[Marxism] Turkish governing party narrowly escapes ban by top court

Fred Feldman ffeldman at bellatlantic.net
Thu Jul 31 11:52:40 MDT 2008

In Turkey, Muslim belief requires women to wear head covering in deference
to God. At the same time, in law, they were required to doff their head
covering in deference to the state. The constant putting of hats on and off
in submission to one deity or the other must sometimes have had a
schizophrenic quality. This is what Turkey has come to call secularism. And
what others claim to consider freedom. 

Turkey has imitators, or is itself an imitator of Western models. In France,
for example, a Muslim woman has been denied French citizenship because she
wore a Muslim burqa, a heavy all-inclusive form of the veil. Just as worship
of God in the Afghan countryside requires women to wear this garment, the
iron laws of French culture require women who believe in wearing the burqa
to go (in their view) stark nekkid in the streets or you can't be a true
Frenchwoman. After all, the president of the state is married to a
supermodel. Dare any woman wear more? What disrespect of the norms!

This article describes how Turkish "democracy" barely missed banning the
elected governing party because of its Muslim characteristics, and gave it a
clear warning and cut its funding. The secular god is a cruel god, an angry
god, an Old Testament, Book of Revelation god. He (or Ms.) is not easily

Of course the end result of this could be the rejection of Muslim Turkey in
the EU for being neither "democratic" or "secular" enough, even though
democracy in Turkey requires, among many other things, a decidedly less
antireligious secularism in the state. Worship of the late Ataturk and the
state he is credited with has got to go.

Words almost fail me in describing how much this crap goes against the
anarchist, free-thinking grain in my communist, atheist outlook. These are
the people who consider Iran repressive (which it is, of course, although in
similar, if mirror-imaged, ways). Brings me back to the wisdom of Jimmy
Durante on censorship. "Don't put no constrictions on the people. Leave 'em
ta hell alone." 
Fred Feldman

Turkey ruling party escapes ban  
The head of the court said the ruling was a "serious warning" to the party

Turkey's highest court has announced that it will not close down the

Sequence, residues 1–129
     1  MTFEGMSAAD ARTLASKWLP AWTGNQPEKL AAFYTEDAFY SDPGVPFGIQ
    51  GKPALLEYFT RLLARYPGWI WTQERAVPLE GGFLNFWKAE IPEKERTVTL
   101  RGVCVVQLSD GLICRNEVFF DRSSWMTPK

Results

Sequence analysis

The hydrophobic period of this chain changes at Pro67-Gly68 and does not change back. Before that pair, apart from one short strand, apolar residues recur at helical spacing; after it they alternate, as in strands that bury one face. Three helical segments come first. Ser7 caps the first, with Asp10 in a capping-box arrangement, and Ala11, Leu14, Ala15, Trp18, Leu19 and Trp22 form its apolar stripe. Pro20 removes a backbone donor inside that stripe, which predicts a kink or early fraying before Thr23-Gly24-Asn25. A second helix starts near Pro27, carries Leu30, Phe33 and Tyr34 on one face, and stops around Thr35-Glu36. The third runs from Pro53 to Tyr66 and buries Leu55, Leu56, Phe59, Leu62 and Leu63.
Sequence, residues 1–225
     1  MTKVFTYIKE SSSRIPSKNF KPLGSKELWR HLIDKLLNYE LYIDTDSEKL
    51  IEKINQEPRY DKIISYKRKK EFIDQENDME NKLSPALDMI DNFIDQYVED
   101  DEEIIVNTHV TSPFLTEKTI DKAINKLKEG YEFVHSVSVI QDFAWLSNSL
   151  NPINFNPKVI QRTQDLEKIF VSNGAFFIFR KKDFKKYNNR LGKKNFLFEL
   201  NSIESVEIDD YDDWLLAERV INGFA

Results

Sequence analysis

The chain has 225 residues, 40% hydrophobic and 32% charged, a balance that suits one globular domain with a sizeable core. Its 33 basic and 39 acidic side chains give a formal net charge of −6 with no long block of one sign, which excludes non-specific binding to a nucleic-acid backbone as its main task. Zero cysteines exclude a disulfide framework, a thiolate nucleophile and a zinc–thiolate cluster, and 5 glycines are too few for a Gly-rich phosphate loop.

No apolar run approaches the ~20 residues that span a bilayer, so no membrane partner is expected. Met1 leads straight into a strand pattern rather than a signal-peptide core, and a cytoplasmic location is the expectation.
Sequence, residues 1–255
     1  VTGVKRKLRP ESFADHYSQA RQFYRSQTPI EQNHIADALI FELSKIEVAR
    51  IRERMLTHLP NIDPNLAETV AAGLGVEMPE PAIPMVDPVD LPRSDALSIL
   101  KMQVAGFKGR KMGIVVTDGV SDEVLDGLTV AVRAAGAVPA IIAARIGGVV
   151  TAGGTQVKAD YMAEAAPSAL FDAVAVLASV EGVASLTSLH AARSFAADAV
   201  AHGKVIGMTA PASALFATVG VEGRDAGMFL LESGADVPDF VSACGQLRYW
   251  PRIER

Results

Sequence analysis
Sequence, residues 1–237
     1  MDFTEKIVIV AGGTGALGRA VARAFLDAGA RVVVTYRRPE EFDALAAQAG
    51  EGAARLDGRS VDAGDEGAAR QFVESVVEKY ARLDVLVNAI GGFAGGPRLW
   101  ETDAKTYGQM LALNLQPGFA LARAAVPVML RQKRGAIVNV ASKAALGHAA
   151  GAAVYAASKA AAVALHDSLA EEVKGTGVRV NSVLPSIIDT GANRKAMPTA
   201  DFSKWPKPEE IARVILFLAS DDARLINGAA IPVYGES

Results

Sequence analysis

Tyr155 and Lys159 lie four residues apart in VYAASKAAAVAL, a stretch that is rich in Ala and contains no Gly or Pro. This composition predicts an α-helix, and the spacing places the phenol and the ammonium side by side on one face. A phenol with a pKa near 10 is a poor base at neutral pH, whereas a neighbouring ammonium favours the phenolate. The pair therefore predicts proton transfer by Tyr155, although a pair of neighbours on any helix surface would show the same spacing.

governing Justice and Development party on charges of undermining the
country's secular system.

Six of the court's 11 judges voted in favour of closing down the party, just
one short of the seven required to impose a ban, Hasim Kilic, the head of
the constitutional court, said.

But the court, he stressed, was still sending the party, also known as the
AK party, a "serious warning" by cutting half of the treasury funds it was
entitled to this year.

"The decision was a warning, a serious warning," he said.

The AK party which was re-elected with 47 per cent of the vote last year,
had denied charges of violating the secular constitution.

The case first reached the court in March and final deliberations had begun
on Monday.

Recep Tayyip Erdogan, Turkey's prime minister, said the ruling had removed
the uncertainty that the country had been facing, but that Turkey had
suffered a serious loss of time and energy due to the case.

In his first remarks since the court's decision, Erdogan said his party
would continue to uphold the country's secular values.

"The Justice and Development party, which has never been a focal point of
anti-secular activities, will continue to defend the basic principles of the
republic," he said.

Public debate

Hoda Abdel-Hamid, Al Jazeera's correspondent in Ankara, the Turkish capital,
said the case had triggered an intense debate in the country over the past
month, revealing a much deeper issue.

"It reflected a more profound problem within Turkish society... how to have
the overwhelming masses, who are religiously sensitive without being
fundamentalist - and without wanting to change the secular tenants of this
state - be able to co-habitate with the secular elite who are extremely
afraid that the AK Party will slowly try to Islamise society.

"That would be a process that would be irreversible," she said.

Fadi Hakura, a Turkish analyst with the London-based Royal Institute of
International Affairs, said that the government could face a crisis again if
it continued pursuing what he said was their previous agenda of more

"Even if the party was banned this time around, it would have been seen as
the last time that such an event could take place in Turkey. Turkey is
changing," Hakura said.

"It's becoming much more of a pluralistic society and so any kind of
military intervention is now more frowned upon by the public.

"Turkey is also now much more exposed to international financial markets, is
involved in the European Union accession process and in regional engagement
in the Middle East."

The EU had criticised the case, saying the kind of charges raised by the
prosecutor should have been debated in parliament and decided through the
ballot box, not in the courtroom.

Financial markets had rallied on optimism over the past week that the court
would decide not to ban the party.

The lira rose as much as two per cent against the dollar and shares gained
four per cent.

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